Find Your Voice Session Two – Breathing

Well done on completing week one and choosing your first solo pieces. The new warm ups for this week are the five finger candle blow out, the 30 seconds of panting for the diaphraghm, mum mum mum, Hmm Ha Ah and EE EE Hey Hey. Make sure you do the Ng, lip rolls, slides first as they are the foundational ones.
If you didn’t get quite as much practice in as you hoped, make sure you prioritise it this week and create the momentum that will get improvement and results for you.
In session two we talked about breathing and maintaining an active rib position when you’re inhaling and when you’re exhaling-so that it doesn’t collapse on the exhale. You’re always aiming for a steady release of air. Very often, feeling concerned about pitch or about the sound that’s going to come out can make you cautious about really letting the air and sound out, but if you hold your breath it’s really much harder to get a consistent sound. Try reading a sentence of a book out loud making sure to release all the air. You may find that it’s unfamiliar – ie not what you usually do, which is a helpful and revealing discovery.
You’re also aiming to consistently feel the vibration at the front of your face. It can take a lot of concentration to do this to start with, although the ng sound and lip rolls will help.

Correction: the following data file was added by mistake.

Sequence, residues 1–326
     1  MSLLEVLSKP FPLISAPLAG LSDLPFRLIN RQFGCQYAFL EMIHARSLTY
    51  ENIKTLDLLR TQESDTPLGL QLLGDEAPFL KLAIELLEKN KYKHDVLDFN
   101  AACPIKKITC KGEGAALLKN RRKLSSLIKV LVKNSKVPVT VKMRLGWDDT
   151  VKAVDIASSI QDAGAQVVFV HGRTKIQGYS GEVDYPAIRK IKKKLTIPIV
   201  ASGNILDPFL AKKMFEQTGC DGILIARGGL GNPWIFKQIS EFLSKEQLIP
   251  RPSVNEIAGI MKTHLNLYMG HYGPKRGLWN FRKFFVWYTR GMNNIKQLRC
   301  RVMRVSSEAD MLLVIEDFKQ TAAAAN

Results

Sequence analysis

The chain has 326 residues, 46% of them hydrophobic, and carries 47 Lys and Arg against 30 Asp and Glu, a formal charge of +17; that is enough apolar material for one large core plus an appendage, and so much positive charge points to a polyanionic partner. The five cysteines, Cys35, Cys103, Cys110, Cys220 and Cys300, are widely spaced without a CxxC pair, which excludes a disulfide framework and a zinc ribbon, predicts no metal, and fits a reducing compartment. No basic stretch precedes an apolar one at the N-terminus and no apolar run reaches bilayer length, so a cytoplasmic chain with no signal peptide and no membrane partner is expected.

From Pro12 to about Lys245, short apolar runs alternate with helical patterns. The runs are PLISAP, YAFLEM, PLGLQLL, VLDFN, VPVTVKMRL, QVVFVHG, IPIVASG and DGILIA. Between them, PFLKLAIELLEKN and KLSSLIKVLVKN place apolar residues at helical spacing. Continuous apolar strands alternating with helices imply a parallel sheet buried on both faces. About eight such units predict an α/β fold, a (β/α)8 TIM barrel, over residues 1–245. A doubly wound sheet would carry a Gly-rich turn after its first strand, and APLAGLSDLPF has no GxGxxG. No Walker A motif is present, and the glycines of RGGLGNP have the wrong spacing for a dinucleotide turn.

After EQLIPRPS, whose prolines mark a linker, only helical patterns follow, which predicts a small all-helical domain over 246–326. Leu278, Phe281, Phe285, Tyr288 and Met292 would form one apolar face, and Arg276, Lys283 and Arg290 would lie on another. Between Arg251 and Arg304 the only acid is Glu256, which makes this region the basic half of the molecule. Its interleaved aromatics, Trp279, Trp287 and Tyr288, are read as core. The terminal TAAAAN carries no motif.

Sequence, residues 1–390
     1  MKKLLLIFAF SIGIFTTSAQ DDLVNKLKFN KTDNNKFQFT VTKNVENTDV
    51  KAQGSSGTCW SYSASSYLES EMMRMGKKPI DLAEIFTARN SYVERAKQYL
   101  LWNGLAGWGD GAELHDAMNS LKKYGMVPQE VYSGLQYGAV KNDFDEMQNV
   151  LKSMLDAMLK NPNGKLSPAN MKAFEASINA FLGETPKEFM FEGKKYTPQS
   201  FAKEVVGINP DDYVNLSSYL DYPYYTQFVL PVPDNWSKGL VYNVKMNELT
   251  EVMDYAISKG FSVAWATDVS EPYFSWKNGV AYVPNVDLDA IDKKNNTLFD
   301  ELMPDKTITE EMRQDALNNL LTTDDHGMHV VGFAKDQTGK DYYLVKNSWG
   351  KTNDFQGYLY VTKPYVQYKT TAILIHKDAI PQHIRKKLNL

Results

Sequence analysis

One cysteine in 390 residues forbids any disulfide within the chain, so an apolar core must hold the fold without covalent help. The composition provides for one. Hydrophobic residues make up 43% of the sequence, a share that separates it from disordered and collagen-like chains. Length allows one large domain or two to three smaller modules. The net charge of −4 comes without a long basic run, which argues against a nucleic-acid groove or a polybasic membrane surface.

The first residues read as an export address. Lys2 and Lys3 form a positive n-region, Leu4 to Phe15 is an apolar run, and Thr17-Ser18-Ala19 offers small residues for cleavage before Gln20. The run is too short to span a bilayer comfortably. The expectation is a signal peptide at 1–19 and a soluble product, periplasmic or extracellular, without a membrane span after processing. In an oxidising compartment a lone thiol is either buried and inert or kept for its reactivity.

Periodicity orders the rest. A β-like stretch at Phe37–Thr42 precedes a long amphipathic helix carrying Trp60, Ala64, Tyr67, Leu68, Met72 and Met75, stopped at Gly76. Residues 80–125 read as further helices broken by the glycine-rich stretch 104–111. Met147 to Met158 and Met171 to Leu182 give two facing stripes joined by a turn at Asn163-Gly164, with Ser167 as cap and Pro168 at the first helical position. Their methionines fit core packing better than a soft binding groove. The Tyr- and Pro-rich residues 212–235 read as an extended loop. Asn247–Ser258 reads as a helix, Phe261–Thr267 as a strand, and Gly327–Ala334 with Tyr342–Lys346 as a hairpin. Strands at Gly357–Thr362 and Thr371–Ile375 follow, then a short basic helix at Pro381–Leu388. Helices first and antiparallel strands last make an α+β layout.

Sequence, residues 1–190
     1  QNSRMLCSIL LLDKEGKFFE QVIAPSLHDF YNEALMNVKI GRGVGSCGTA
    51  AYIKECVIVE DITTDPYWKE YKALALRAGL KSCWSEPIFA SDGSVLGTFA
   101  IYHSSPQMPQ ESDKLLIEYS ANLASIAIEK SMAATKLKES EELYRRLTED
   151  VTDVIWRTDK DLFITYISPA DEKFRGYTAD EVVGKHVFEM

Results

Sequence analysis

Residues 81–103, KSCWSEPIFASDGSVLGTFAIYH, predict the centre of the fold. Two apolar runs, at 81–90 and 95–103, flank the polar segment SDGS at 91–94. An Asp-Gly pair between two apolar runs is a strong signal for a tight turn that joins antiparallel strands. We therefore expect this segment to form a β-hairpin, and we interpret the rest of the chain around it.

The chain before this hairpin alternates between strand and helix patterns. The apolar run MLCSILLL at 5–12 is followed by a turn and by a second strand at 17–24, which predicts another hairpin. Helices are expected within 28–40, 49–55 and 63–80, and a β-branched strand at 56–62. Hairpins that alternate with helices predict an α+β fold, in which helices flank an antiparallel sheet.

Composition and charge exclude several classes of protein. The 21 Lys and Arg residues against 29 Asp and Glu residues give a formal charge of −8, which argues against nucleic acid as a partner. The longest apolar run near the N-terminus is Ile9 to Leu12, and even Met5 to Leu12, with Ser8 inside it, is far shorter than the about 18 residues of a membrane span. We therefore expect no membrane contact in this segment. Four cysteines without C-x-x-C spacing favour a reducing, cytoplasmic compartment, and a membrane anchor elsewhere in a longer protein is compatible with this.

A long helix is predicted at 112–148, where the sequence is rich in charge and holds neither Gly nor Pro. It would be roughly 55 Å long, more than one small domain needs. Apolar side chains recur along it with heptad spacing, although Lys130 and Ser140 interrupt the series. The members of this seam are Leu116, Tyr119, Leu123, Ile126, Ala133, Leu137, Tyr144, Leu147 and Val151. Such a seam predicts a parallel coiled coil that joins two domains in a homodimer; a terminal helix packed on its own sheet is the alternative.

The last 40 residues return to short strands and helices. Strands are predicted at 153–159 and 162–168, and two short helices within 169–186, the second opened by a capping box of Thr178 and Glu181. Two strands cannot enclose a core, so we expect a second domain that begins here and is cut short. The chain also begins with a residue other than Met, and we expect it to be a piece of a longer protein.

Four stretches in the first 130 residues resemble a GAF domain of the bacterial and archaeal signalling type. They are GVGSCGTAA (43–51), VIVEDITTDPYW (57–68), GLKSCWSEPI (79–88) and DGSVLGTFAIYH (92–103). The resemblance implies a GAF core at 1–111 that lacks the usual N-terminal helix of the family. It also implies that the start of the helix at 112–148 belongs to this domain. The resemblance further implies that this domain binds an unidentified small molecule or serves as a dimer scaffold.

Doing this week’s new material with your back against a wall can prevent you from jutting your chin or neck without noticing; and I’d also recommend trying them lying down – when you’re on your back, you can really release all the muscle effort that would otherwise be holding you upright.
Your third aim is just to get used to hearing your voice in a non-judgemental way. While sliding and practicing, give yourself ultimate permission to make any noise that comes out. Doing all of the exercises will increase the level of control you have, but it’s also great to explore what your voice is capable of in a wider sense and embrace any sound that emerges.
When you do these every day, you become very habituated to the feeling of effortlessly sliding around between pitches and releasing sound and air, and less disconcerted by the sound of your voice.
Doing some improvisation with the tracks from week 1 is also really good for developing your sense of melody and freeing things up.



This week, when you’re singing, if something is proving tricky, ask these questions:

– Where do I feel constricted?
– What vowel or consonant sound is happening?
– What is happening just before in the melody? Is there a jump, or an awkward pause?
Try out these things in this order:
If the note is high, lose the lyrics, vocalise it on a lip roll. If that feels easy, moving to an ooo sound. Listen out for anything that you can hear. Is there an aspirant sound? If so, that means your cords aren’t able to stay connected. A ‘g’ sound can help them remain connected and you’ll be able to hear if this has help as the sound will be clearer. (Make the ‘g’s quick and light and relaxed).